If you’re wondering, some of the posts that brought in more than 400 comments are:

But whatever. I feel like I’ve been talking about those posts all year. What about some other posts? One’s that are so well researched and I love what I learned from writing them:

Here are some firsts for me during the past year:

The process of picking the best posts of 2008 is actually very subjective. But I do think that year-end lists are a good way to look at the conversations we have had this year, and how our thinking has changed both personally and collectively.

Posts about my divorce weren’t my most popular, but I learned the most from them:

A Case Study in Staying Resilient: My Divorce Feb. 2008 (131)
I was scared to post an announcement about my divorce because I was in the middle of raising our first round of funding, and I thought I’d freak out investors. But I was more scared that if I stopped posting about myself I’d ruin the blog and my desire to write it. So I followed this post five seconds later with one about me being on CNN in an effort to distract investors. It turned out that investors were much more interested in divorce than CNN, and I realized that I was being rewarded by investors for being true to myself. Bonus: We raised $700,000 in funding.

Keeping an Eye on My Career While I go through a Divorce May 2008 (95)
The New York Times wrote about my divorce and questioned whether I should be blogging about it. My divorce lawyer told me I was going to jeopardize my settlement by blogging. “You look reckless,” he told me. I decided that I was willing to lose money in the settlement to be able to keep writing about my life. Addendum: My almost-ex-husband never complained about the blog.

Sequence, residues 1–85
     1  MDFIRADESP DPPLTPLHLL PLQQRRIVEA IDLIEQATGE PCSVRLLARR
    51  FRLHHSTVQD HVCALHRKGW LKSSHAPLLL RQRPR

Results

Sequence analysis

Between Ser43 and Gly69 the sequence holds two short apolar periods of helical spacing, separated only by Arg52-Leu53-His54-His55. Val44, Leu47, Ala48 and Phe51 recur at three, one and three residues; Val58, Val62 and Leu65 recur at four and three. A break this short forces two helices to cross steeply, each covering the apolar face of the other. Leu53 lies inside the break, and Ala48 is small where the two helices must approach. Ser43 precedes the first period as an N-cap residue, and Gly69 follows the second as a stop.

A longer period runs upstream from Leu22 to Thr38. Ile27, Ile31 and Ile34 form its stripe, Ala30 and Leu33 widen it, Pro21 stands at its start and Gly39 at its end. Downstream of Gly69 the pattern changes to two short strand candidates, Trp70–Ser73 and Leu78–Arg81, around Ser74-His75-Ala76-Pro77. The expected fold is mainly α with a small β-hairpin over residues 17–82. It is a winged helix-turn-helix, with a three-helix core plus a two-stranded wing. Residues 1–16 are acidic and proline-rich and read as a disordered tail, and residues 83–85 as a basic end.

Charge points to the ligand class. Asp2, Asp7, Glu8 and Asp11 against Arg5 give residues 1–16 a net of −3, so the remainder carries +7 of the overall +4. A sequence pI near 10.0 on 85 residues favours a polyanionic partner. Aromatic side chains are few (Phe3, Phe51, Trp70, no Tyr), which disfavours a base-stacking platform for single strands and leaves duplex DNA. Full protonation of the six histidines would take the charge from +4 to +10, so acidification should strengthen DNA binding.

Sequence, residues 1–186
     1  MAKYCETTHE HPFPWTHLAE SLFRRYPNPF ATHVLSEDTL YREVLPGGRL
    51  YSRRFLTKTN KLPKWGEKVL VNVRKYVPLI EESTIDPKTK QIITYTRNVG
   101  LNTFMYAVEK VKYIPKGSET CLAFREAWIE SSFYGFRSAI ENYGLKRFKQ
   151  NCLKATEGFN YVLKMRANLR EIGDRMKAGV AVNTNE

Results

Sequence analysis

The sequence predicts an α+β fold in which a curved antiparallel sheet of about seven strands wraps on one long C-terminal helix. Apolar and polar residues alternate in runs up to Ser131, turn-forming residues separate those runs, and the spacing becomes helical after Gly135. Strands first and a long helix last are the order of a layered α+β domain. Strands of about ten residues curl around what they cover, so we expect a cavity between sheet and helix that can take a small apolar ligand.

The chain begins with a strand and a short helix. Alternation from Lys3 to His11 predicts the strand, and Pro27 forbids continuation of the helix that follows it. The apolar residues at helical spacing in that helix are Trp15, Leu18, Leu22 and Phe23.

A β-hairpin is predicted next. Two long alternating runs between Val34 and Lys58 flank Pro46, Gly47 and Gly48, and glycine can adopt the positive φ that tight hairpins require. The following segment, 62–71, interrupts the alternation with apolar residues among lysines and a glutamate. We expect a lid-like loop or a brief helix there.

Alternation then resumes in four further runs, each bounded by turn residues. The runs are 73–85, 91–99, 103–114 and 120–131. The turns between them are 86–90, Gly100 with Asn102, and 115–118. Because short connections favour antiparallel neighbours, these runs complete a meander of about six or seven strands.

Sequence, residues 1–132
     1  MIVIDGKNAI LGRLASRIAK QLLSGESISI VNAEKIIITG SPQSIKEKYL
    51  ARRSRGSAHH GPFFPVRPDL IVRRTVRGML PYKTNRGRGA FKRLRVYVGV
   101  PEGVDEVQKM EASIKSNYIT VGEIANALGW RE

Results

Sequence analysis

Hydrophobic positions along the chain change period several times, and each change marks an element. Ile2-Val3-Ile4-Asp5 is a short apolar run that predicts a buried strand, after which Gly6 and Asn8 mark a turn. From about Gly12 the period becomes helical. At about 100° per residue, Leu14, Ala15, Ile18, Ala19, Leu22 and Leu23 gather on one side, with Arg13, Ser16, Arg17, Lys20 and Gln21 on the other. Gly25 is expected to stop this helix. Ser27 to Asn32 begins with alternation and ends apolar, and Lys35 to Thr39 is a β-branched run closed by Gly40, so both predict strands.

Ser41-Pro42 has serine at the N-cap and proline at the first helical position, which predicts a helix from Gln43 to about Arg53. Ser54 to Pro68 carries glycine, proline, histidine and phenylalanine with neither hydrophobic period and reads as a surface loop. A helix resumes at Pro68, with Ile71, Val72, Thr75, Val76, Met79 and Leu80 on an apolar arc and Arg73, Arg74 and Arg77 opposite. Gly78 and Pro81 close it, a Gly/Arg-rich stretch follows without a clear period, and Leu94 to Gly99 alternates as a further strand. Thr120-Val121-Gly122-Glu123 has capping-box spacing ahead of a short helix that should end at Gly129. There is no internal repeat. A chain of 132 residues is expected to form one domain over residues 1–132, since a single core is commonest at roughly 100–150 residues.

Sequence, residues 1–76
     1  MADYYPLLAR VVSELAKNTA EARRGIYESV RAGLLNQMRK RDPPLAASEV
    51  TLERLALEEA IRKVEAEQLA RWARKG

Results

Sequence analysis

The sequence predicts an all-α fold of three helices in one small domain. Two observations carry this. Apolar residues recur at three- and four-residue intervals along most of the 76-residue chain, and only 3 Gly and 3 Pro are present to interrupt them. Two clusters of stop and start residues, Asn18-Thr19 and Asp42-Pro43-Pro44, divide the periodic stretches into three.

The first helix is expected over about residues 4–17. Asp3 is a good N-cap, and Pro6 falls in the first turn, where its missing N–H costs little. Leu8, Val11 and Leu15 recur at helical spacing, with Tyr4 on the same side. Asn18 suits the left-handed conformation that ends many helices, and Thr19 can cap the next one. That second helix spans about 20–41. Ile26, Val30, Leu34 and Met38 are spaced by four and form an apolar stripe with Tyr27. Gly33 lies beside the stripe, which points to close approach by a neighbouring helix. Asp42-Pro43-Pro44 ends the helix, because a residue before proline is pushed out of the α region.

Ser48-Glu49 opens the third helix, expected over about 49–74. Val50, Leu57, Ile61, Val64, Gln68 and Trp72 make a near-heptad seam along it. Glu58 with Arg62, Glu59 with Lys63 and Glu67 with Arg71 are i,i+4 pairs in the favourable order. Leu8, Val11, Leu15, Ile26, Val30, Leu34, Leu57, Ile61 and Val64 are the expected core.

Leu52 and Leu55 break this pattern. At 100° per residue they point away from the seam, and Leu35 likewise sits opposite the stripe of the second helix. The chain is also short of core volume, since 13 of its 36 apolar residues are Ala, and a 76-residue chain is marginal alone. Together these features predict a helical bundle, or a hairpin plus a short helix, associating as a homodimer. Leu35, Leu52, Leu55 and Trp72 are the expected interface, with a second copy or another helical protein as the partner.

Posts about the farmer were also not my most popular. But they were the most exciting for me to write. It’s been a year full of soul-searching about a lot of things in my life, including this blog. I knew I didn’t want to 500 posts on how to write a good resume. But I knew I wanted to still write about the intersection of work and life. The farmer gave me the opportunity to try something new. And these posts ended up opening a larger conversation among you guys about what I should be writing on the blog — input and insight that I really appreciate.

A New Way to Measure Blog ROI June 2008 (112)

How I Started Taming My Workaholic Tendencies June 2008 (136)

Vulnerability is the Key to Likability at Work (and on the Farm) Aug. 2008 (104)

Self-Sabotage is Never Limited to Just One Area of Your Life Oct. 2008 (47)

How to Go to a Meeting When You Want to Sit Home and Cry Nov. 2008 (103)

This is the list you were probably expecting. Before I got sidetracked:

Subjectively popular posts of 2008

The Hardest Part of My Job is that Everyone Lies about Parenting June 2008 (161)

Plastic Surgery is the Next Must-Have Career Tool, Maybe May 2008 (126)

Advice from the Top: Marry a Stay-at-Home Spouse or Buy the Equivalent May 2008 (168)

7 Reasons Why Graduate School is Outdated June 2008 (135)

Living Up to Your Potential is BS June 2008 (202)

My Annual Rant about Christmas at Work Dec. 2008 (187)

Post that generated the most thank-you notes:

How to Answer the Toughest Interview Question Feb. 2008 (117)

Post that I cried the most while I wrote:

The Part of Postpartum Depression that No one Talks About Feb. 2008 (102)

Post with the most diatribes in the comments section:

Writing Without Typos is Totally Outdated May 2008 (151)

Post that generated the most interviews from mainstream media:

Give Thanks that there is No Job Shortage for Young People Nov. 2008 (115)

Most popular guest post:

Twentysomething: Why My Generation is More Productive than Yours Sept. 2008 (140)

Thank you so much for all your comments and emails. The blog continues to be my favorite part of my job. And maybe my favorite job that I’ve ever had.

The best part of blogging is the community. I have been a columnist for a long time, but I have only been a blogger for a year and a half. And I have to say that the conversation part of blogging is amazing, and it’s something you don’t get as a columnist.